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Chile fire: Valparaiso declared catastrophe zone

Flames light up the skyline in Valparaiso, where Chilean authorities have issued a red alert. Picture: AFP/Getty

Flames light up the skyline in Valparaiso, where Chilean authorities have issued a red alert. Picture: AFP/Getty

  • by GRACIELA IBANEZ IN VALPARAISO
 

A raging fire leapt from hilltop to hilltop yesterday in a Chilean port city, killing at least 16 people and destroying more than 500 homes.

Ten thousand people were evacuated, including more than 200 female inmates at a prison.

The fire began in a forested area above ramshackle housing on one of Valparaiso’s many hilltops, and spread quickly as high winds rained hot ash over wooden houses and narrow streets.

Electricity failed as the fire grew, with towering, sparking flames turning the night sky orange over the darkened remains of entire neighbourhoods.

“It’s a tremendous tragedy. This could be the worst fire in the city’s history,” President Michelle Bachelet said as firefighters contained most of the blazes, mobilising 18 helicopters and planes to drop water on hotspots yesterday.

Ms Bachelet warned that the toll of death and damage would rise once authorities could enter the smouldering remains.

Military police general Julio Pineda said 16 were killed and more than 500 people injured. Patricio Bustos, who directs the national forensics service, said DNA tests would be needed to identify remains.

It was already the worst fire to hit the picturesque seaside city of 250,000 people since 1953, when 50 people were killed and every structure was destroyed on several of the city’s hills.

While the fires were mostly contained to several hilltops, Ms Bachelet declared the entire city a catastrophe zone, putting Chile’s military in charge of maintaining order.

“The people of Valparaiso have courage, have strength and they aren’t alone,” she said.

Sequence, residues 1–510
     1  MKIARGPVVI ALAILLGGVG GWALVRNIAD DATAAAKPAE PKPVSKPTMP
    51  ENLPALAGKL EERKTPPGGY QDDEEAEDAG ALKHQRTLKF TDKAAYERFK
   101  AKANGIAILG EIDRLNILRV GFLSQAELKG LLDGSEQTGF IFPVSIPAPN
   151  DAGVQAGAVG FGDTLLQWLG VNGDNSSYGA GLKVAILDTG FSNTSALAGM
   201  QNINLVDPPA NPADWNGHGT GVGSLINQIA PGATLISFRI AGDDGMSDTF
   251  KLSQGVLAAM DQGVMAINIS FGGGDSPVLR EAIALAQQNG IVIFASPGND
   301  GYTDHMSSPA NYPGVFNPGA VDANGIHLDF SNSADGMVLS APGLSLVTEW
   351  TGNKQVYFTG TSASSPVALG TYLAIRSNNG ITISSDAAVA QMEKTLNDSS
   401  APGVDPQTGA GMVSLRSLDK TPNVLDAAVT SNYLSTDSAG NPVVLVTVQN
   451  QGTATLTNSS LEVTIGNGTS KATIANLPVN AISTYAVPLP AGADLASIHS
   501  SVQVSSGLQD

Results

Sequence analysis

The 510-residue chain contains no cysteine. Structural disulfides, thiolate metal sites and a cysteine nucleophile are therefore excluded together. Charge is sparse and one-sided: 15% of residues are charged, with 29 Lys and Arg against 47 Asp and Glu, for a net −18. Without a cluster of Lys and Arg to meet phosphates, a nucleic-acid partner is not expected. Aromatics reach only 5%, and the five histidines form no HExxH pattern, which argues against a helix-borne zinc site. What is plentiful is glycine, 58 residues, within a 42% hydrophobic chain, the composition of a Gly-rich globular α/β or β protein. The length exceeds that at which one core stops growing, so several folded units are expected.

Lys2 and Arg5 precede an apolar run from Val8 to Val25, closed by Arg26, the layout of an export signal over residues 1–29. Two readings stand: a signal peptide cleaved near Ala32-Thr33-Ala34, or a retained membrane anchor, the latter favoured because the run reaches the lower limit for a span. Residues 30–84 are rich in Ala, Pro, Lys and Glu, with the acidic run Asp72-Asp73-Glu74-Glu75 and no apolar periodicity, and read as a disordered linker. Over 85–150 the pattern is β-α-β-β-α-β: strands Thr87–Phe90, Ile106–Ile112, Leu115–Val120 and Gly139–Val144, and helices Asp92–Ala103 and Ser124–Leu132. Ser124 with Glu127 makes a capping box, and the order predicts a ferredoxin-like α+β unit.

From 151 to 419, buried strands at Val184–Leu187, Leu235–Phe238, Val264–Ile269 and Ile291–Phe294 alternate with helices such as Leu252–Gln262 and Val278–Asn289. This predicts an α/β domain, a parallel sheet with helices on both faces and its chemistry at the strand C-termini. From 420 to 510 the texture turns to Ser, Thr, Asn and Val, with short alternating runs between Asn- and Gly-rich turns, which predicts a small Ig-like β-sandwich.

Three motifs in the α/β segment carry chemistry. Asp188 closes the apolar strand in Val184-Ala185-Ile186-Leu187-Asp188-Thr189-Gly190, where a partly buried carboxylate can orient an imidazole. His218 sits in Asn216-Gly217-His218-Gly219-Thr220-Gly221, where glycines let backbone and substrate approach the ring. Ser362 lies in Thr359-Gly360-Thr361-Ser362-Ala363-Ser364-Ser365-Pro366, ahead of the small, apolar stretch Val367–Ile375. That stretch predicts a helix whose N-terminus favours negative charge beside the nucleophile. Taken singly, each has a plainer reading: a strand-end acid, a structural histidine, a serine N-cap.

Valparaiso, which was declared a World Heritage Site by Unesco in 2003, is known for colourful neighbourhoods hugging hills so steep that people have to use staircases rather than streets. About 75 miles north- west of the capital, Santiago, it has a vibrant port and is home to Chile’s national legislature.

But many homes in poorer areas above the city centre have been built without water supplies or access points that would enable firefighters to intervene, so much of the fight was from the air.

“This is the worst catastrophe I’ve seen,” said Ricardo Bravo, the regional governor. “Now we have to make sure the fire doesn’t reach the city centre, which would make this emergency much more serious.”

While 1,250 firefighters, police and forest rangers battled the blaze, 2,000 Chilean sailors in combat gear patrolled streets to maintain order and prevent looting.

Shelters were overflowing, and hospitals treated hundreds of people for breathing problems provoked by the smoke.

Maria Elizabeth Diaz, eight months pregnant, said: “I didn’t want to move because I was afraid someone would rob me, but I had to flee when I saw the fire was coming down the hill.”

Thick clouds of smoke surrounded the city’s prison, where nine pregnant inmates were transferred to a detention facility in the nearby city of Quillota. Another 204 female inmates were being evacuated to a sports arena.

 

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